although there have been almost countless mario spin-offs, spin-offs of other 1st-party franchises have been fairly rare. link’s crossbow training, released for wii, was a fairly recent exception, being, of course, a spin-off of the zelda series. when the wii was announced it was immediately clear that light-gun style games, which nintendo pioneered even before the NES’s duck hunt, would be a perfect fit for the new pointer-based controls, and link’s crossbow training was released just a year after the wii debuted.
the game is a fairly straightforward arcade-style shooter. there are several different type of stages: one that’s more on-rails and focused on hitting the bullseye of targets or approaching enemies; one where you stand in a fixed location and pivot around 360 degrees, machine-gun turret-style; and one like an FPS where you actually walk around and take out targets. the latter takes advantage of the zapper peripheral. the zapper is a plastic shell that the wiimote and nunchuk slot into, and the game was sold with it. although the zapper never really caught on otherwise, it’s decently well designed (not quite as perfectly as the wii wheel, though). the trigger is a bit mushier than i would like, but otherwise it fulfills its purpose of providing a bit more weight and balance than just holding the bare wiimote with a stiff arm.
although having different types of levels is good and it was fun to be back in the world of twilight princess (without the hazy sunlight graphics), the game feels fairly basic overall. as you’d expect with a light-gun shooter, the game emphasizes not breaking your combo streak by not missing any shots, and you can earn medals based on your high scores. the medals serve no purpose other than to help you track your progress, but levels are presented in groups of three so even if you do poorly in one stage you can still make it up in another. aside from a pair of fairly basic boss fights that help provide some variety, there aren’t really any surprises. the game’s clearly not up to the level of something like house of the dead 2, and even wii play felt like a more fun and more complete experience.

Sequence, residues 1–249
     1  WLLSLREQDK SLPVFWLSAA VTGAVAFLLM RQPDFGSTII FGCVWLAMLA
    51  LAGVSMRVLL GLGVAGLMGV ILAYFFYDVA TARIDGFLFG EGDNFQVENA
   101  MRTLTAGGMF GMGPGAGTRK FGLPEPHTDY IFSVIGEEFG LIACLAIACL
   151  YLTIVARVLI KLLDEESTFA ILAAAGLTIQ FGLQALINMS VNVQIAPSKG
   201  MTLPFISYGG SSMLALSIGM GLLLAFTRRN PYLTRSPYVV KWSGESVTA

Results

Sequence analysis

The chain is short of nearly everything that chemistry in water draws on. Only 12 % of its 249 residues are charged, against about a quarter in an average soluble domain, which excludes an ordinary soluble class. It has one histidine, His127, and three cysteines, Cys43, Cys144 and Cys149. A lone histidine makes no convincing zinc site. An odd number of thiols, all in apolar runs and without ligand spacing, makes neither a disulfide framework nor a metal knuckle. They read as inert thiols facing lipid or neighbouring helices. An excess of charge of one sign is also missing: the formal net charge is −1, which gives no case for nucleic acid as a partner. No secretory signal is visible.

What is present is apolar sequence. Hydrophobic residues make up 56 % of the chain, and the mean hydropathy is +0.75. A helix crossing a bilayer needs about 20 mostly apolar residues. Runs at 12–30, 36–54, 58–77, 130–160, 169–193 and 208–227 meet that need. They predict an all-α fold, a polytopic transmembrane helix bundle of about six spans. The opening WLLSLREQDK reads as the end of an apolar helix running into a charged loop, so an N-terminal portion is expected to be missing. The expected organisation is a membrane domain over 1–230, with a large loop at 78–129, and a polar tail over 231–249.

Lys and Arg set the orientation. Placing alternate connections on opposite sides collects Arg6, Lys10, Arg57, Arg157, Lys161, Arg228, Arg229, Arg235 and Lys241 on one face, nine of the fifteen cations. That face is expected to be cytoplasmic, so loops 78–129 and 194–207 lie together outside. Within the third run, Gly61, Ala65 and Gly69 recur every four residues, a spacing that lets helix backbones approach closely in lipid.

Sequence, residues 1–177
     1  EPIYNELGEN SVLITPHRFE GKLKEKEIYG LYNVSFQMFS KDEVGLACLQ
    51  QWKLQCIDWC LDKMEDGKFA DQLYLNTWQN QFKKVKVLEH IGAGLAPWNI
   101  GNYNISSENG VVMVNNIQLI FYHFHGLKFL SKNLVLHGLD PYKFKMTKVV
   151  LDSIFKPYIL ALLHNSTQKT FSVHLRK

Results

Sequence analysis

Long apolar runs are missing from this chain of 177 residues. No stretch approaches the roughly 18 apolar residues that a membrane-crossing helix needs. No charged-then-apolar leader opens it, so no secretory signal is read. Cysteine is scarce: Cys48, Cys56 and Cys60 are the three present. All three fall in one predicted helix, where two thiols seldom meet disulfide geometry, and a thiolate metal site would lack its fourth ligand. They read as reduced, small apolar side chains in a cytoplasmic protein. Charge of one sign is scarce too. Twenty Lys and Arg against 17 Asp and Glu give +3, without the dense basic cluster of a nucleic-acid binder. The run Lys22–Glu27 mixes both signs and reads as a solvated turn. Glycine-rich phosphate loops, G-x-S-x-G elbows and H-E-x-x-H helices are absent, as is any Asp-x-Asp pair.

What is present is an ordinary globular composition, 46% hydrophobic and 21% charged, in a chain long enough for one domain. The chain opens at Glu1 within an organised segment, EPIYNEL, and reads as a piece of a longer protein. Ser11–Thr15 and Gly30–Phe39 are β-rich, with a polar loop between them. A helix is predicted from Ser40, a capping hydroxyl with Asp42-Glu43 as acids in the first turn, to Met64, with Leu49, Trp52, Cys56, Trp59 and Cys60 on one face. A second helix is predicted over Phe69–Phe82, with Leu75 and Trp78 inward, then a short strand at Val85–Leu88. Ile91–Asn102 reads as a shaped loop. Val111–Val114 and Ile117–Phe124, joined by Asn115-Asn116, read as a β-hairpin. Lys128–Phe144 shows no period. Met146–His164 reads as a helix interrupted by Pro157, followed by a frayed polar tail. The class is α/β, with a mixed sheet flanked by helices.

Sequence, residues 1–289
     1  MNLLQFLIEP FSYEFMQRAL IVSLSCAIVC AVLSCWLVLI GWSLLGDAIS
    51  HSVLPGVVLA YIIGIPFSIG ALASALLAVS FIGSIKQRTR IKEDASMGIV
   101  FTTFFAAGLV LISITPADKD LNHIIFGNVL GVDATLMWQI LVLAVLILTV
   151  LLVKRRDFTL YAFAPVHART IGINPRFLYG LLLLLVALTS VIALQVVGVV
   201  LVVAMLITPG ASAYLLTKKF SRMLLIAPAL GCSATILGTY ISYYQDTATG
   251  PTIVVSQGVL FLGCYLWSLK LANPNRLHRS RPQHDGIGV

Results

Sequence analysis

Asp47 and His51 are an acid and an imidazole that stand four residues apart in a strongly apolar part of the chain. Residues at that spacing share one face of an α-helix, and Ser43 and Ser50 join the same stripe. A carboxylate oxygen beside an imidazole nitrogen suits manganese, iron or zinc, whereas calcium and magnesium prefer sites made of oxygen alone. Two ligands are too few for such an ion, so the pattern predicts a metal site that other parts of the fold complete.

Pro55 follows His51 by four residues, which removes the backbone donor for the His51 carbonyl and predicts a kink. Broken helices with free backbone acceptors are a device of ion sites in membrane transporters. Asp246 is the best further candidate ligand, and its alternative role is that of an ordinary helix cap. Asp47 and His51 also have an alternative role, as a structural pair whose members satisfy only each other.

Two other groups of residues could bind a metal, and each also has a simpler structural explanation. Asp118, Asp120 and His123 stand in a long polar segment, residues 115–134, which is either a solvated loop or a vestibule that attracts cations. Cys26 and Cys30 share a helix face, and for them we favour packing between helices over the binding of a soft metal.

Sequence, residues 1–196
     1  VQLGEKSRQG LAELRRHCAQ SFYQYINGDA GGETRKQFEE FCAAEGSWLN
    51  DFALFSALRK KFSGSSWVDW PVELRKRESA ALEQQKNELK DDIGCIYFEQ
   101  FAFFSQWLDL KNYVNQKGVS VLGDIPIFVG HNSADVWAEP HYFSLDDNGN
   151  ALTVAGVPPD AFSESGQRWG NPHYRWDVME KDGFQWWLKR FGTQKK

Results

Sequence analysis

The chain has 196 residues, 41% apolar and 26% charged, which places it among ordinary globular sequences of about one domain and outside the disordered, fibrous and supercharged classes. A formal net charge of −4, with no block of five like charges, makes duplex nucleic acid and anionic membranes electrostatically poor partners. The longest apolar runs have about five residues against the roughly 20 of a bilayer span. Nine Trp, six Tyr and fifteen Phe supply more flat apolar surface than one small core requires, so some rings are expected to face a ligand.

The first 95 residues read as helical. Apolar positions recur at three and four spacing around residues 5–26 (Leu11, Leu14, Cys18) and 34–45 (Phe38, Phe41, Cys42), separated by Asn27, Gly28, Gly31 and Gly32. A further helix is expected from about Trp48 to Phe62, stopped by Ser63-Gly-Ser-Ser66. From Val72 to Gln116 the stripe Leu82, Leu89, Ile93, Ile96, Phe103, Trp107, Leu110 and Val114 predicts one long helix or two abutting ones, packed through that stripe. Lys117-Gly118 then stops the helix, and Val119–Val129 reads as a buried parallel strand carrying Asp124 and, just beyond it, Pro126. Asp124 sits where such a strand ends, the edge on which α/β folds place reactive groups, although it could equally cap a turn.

overall link’s crossbow training is serviceable as a side game and on a wiiware sort of level, but otherwise is fairly disposable. it’s nice to see a zelda spin-off, but i’m glad i didn’t have to pay much for the fairly forgettable experience.
gunnin’ for a high score with these link’s crossbow training links:
– official page at nintendo.com
– entry at zelda.wikia.com, has details on game modes and scoring
– the entry at strategywiki.org includes faqs on the locations of scarecrows and orange rupees
– iwata asks feature